David Pilling / The Financial Times – 2008-01-13 23:31:08
TOKYO (January 10 2008) — The Japanese government is on Friday expected to use its two-thirds majority in the lower house of parliament to ram through controversial anti-terror legislation in what would be the first use of such override powers in more than half a century.
The administration of Yasuo Fukuda, prime minister, has invested substantial political capital in the legislation, which would allow Japanese naval vessels to resume supplying oil to allied ships on anti-terror patrols in the Indian Ocean. If the bill is passed on Friday, Japanese ships are expected to set sail within weeks.
The anti-terror law is opposed by the opposition Democratic Party of Japan, which controls the less powerful upper house. It describes the bill as being solely for the benefit of Washington. Mr Fukuda yesterday told an upper house panel that the law was needed to fulfil Japan’s obligations in the war on terror.
The DPJ blocked the extension of previous legislation last year, forcing Japanese ships to suspend a six-year mission, helping to bring down the previous Liberal Democratic party administration of Shinzo Abe in the process.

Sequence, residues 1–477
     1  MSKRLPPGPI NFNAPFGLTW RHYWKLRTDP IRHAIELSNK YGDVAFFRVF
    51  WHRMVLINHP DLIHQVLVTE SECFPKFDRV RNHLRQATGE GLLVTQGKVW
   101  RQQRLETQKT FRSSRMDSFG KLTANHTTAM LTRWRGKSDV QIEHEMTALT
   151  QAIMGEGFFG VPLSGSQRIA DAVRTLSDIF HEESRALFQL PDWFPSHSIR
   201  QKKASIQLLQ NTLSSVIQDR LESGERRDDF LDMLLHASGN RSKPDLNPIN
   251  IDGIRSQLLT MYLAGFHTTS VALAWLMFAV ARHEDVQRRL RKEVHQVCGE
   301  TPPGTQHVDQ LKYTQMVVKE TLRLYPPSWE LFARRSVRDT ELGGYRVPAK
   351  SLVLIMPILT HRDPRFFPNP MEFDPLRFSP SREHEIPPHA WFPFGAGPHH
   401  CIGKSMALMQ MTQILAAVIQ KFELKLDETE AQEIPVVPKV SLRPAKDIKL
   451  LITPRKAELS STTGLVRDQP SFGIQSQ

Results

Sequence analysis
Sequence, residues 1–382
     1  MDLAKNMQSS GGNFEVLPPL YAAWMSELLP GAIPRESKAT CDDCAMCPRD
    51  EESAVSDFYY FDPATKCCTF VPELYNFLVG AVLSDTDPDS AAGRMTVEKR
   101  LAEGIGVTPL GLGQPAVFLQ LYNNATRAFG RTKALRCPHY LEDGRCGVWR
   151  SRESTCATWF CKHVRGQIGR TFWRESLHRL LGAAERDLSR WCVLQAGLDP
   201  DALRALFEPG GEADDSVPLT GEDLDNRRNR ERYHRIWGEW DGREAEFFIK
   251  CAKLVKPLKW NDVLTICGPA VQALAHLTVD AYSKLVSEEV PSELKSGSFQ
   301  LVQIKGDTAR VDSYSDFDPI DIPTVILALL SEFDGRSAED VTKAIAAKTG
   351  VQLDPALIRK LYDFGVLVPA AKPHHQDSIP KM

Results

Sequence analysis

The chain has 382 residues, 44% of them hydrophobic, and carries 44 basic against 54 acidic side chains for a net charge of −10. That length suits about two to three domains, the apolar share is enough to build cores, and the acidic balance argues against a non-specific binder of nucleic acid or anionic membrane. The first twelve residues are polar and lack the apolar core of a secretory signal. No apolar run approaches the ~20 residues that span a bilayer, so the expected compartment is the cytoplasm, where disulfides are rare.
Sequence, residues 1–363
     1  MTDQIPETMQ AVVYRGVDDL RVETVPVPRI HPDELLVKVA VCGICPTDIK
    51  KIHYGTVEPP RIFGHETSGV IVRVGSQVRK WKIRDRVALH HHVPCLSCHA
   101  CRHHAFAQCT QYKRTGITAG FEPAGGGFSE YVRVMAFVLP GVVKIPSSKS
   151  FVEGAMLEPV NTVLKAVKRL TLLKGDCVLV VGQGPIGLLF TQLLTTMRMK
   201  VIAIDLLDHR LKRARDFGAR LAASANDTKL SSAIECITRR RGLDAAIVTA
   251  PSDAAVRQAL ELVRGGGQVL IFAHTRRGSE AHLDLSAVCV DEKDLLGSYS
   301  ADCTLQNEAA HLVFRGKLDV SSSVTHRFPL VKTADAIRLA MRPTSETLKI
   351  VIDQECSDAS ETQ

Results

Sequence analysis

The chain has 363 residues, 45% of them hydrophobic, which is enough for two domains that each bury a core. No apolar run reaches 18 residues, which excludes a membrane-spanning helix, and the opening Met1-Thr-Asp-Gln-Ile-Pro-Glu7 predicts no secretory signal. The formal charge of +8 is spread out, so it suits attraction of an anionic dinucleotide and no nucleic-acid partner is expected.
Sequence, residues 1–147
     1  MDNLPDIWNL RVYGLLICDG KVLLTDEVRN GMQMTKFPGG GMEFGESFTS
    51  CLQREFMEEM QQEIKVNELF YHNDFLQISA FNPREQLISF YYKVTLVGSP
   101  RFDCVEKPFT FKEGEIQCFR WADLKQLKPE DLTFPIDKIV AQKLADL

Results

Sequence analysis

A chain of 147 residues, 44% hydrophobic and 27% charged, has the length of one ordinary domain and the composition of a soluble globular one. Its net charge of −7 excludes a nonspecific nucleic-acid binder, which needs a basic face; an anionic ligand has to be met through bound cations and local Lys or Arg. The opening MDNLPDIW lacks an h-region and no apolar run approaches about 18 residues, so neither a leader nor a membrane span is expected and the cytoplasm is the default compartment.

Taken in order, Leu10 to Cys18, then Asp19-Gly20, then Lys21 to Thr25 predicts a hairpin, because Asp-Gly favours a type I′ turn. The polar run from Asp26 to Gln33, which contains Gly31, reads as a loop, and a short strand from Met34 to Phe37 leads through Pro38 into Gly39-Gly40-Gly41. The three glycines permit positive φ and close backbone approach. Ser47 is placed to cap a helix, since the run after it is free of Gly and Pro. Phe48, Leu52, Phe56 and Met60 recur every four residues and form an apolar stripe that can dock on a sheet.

People close to the DPJ suggested that the party was prepared to make a tactical retreat on the issue. It would instead seek to embarrass the LDP during budget deliberations, which are expected to come to a head in March, they said.
Mr Fukuda’s determination to force through the legislation, the first time such powers have been used since 1951, was once seen as politically risky. In theory, the opposition could respond by passing a non-binding censure motion, which in consensus-minded Japan could be enough to force dissolution of parliament. That now appears unlikely.
Jiro Yamaguchi, professor of political science at Hokkaido university, said the prime minister’s willingness to resort to the override procedure stemmed from the opposition’s weakness. “I think Fukuda has realised how fragile the DPJ is,” he said.
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